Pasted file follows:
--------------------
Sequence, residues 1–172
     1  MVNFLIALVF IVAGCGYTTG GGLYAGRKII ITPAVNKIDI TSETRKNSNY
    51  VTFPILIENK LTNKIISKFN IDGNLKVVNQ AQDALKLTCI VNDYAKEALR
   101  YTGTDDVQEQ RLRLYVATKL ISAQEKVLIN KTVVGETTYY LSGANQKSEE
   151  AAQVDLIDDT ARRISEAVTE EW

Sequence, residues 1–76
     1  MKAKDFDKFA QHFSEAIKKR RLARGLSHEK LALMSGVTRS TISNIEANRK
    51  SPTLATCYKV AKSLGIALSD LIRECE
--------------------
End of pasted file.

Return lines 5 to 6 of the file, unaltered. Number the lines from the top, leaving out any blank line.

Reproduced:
   151  AAQVDLIDDT ARRISEAVTE EW

Sequence, residues 1–76